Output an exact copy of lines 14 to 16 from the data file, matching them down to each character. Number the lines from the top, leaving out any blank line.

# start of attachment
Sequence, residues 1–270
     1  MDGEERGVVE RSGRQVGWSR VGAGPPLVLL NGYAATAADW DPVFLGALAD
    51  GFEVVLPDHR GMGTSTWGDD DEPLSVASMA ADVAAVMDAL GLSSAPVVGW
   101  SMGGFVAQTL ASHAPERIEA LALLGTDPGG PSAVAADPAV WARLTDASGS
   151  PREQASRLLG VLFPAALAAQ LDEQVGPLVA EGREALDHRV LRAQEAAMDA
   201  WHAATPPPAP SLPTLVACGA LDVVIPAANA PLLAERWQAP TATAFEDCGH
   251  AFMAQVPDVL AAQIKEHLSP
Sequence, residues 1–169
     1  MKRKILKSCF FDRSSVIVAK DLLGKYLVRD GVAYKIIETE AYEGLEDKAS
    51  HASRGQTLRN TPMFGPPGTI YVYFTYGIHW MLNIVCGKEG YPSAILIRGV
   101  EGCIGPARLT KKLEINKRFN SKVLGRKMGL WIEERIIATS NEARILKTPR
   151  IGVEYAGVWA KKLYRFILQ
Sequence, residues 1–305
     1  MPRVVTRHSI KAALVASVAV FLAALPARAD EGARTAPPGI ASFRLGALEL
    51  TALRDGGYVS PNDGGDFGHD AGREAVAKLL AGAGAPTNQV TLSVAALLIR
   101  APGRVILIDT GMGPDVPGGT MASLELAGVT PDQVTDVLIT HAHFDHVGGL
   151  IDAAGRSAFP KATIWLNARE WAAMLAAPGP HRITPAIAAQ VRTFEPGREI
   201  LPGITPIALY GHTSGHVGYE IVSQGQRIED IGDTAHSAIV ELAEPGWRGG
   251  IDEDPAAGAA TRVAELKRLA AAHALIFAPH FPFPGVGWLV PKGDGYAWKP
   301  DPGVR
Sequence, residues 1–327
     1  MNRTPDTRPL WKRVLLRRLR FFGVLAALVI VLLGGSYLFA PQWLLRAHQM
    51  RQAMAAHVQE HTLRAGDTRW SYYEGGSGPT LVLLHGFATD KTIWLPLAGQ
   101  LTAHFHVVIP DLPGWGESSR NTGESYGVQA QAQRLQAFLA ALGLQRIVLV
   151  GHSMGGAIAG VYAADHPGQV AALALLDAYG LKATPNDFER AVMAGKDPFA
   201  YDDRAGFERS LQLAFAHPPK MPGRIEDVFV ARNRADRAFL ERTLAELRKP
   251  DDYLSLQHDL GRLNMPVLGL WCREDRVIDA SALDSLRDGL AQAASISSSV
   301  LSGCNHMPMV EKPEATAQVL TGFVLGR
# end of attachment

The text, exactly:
     1  MPRVVTRHSI KAALVASVAV FLAALPARAD EGARTAPPGI ASFRLGALEL
    51  TALRDGGYVS PNDGGDFGHD AGREAVAKLL AGAGAPTNQV TLSVAALLIR
   101  APGRVILIDT GMGPDVPGGT MASLELAGVT PDQVTDVLIT HAHFDHVGGL